You'll notice the OLA website has a fresh, new look as of July 2014. We will be adding to the site as we go, so please check back frequently (and hit refresh!) so you can see any new additions to the site. We would appreciate your suggestions of topics you would like addressed. And if you find a broken link or other glitches, we'd like to know that, too. Just email us.
Kudos to Rick Stojak, our retiring Webmaster, for his dedication to maintaining the site for the past eight years. We hope to see lots more of his beautiful photos on this site in the future.
Check out our old website and see how we have changed!
The blue green algae appeared that appeared in NcNally's Bay on Upper Rideau Lake has now dissipated. The algae was identified as a species that produces toxins which make the lake water both dangerous and unusable for drinking and swimming. Residents are asked to use caution in resuming their recreational use of the lake.
While cyanobacteria is often present in low concentrations in Eastern Ontario water bodies, it is a complex set of conditions, including nutrient loading, that causes them to multiply and blooms to form. Please don't feed the algae in Otty Lake!
Reno Rescue, a new Cottage Life TV renovation series, is looking for two cottages whose renovations have stalled. Applicants have the opportunity to win a free renovation completion by a team of experts. Production starts this fall.
Note that the OLA Board, while it supports this initiative, is not in a position at this time to endorse Mountain Road.
Waterfront property owners at Otty lake are entitled to cut and remove aquatic vegetation in a specified area in front of their properties, provided they comply with certain provincial regulations. One of the requirements is to place the cut plant material “on dry land”. See Other Water Issues page.
However, if you see free floating weeds, do not assume a neighbour has cut them. It may also be the result of natural die-off or the weeds having been cut by motorboats.
We need able bodied folks from the Otty Lake Community to make the second phase of this project a reality. This project is the single largest initiative to rehabilitate and enhance spawning grounds for bass ever undertaken in Eastern Ontario, and has received critical acclaim in the conservation community.
Noticing green algal blooms or excessive aquatic plant growth in your lakes or rivers? You can now easily report it! The Citizen Water Watch website allows recreational water users to report any observations of green algal blooms or excessive aquatic plant growth to a central data base. These observations will help to better monitor green algae and aquatic plant growth in Eastern Ontario lakes and rivers.
The Otty Lake Association and Rideau Valley Conservation Authority’s (RVCA) quest to enhance spawning, nursery and feeding areas for smallmouth bass in Otty Lake is seeing positive results.
Recent monitoring of the project shows impressive early results. Of the 43 visible nests, 38 were in use with a male bass guarding the nest.
“The new beds are doing exactly what we hoped they would do,” said Jennifer Lamoureux, RVCA Aquatic and Fish Habitat Biologist.
OLA members were given an opportunity to have an analysis of the chemical quality of their well water by Caduceon Environmental Laboratories at a reduced rate. Derek Smith reports that he gave out 25 sets of bottles at and just after the AGM, which permitted the laboratory to analyze for 17 different chemical elements. Nineteen people submitted their samples and paid the $100 fee (a significant discount over the normal rate of $141.25).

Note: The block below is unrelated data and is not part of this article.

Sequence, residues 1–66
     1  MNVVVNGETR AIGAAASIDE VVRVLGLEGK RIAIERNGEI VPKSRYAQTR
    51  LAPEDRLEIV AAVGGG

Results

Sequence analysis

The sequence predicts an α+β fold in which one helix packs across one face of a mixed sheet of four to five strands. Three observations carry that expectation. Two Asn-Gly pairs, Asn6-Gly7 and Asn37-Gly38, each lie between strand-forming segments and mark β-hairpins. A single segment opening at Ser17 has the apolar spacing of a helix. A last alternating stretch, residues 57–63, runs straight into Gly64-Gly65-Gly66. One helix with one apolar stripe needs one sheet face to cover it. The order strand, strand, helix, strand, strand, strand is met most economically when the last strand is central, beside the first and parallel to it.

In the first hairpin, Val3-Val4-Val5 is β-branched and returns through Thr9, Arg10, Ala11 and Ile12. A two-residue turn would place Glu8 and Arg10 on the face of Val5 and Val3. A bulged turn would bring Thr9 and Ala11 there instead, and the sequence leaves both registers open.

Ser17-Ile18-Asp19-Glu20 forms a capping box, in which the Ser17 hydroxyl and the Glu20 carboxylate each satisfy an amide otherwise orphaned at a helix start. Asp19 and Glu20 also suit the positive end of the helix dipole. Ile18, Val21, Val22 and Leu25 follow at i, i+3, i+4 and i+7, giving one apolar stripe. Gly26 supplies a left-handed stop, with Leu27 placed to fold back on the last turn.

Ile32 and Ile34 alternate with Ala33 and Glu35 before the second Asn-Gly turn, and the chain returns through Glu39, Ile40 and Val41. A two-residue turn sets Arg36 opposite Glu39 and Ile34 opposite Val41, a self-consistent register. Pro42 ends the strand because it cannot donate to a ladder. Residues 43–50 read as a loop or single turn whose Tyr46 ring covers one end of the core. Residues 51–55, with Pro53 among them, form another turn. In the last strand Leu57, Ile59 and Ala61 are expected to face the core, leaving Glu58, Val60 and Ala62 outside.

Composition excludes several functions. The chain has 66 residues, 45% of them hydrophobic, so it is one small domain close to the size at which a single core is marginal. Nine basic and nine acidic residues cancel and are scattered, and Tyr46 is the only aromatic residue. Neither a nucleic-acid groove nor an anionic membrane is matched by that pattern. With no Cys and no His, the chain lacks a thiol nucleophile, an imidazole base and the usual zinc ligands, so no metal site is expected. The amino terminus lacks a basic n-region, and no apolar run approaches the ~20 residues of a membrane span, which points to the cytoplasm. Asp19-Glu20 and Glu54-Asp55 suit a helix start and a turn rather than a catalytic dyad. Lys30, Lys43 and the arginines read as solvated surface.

As of August 1, seven people had asked Derek to review their chemical results. “All seven have excellent water quality, with all elements meeting the standards for chemical potability. People with wells in the areas of the lake with marble (calcium carbonate) bedrock have very hard water and the use of water softeners is recommended. People with wells in granitic bedrock don't have this problem, as their groundwater is less mineralized. I have seen no evidence of any groundwater contamination in any of these analyzes.”
Thanks to a generous contribution from the Ontario Trillium Foundation a collaborative led by Friends of the Tay Watershed Association, Carleton University, Mississippi Valley Conservation Authority and Rideau Valley Conservation Authority are teaming up to research aquatic algae and plant growth in our local waterways. The partnership wants to better understand what is causing algae blooms and excessive aquatic plant growth and learn how to educate residents to best manage and work together to address the issue. Otty Lake has successfully applied to be one of the study lakes. As a first step, Lake Steward Murray Hunt has collected Otty Lake's 40 years worth of water quality monitoring data into one format for the RVCA to use.
Small, confined, supervised fires used to cook food (such as campfires) do not require a permit, but are not allowed during a burn ban. Any other open air burning, including burn barrels, requires a permit, although a new permit is not required every year. Prior to the date the burning is to take place, the person with the permit is required to contact the Administration office of the Fire Department. You could be liable for costs incurred if you do not obtain a permit, or do not meet the conditions for burning laid out in the permit. Note that most years there is a Lanark County-wide fire ban between April 1 and May 15.
Permits can be obtained through Drummond/North Elmsley Tay Valley Fire Rescue Administration Office at 14 Sherbrooke St., Perth, 613-267-2596, or through the Tay or Drummond/North Elmsley Municipal offices. Drummond/North Elmsley Tay Valley Fire Rescue Services operates with one full time Fire Chief, two volunteer Station Chiefs and 60 volunteers.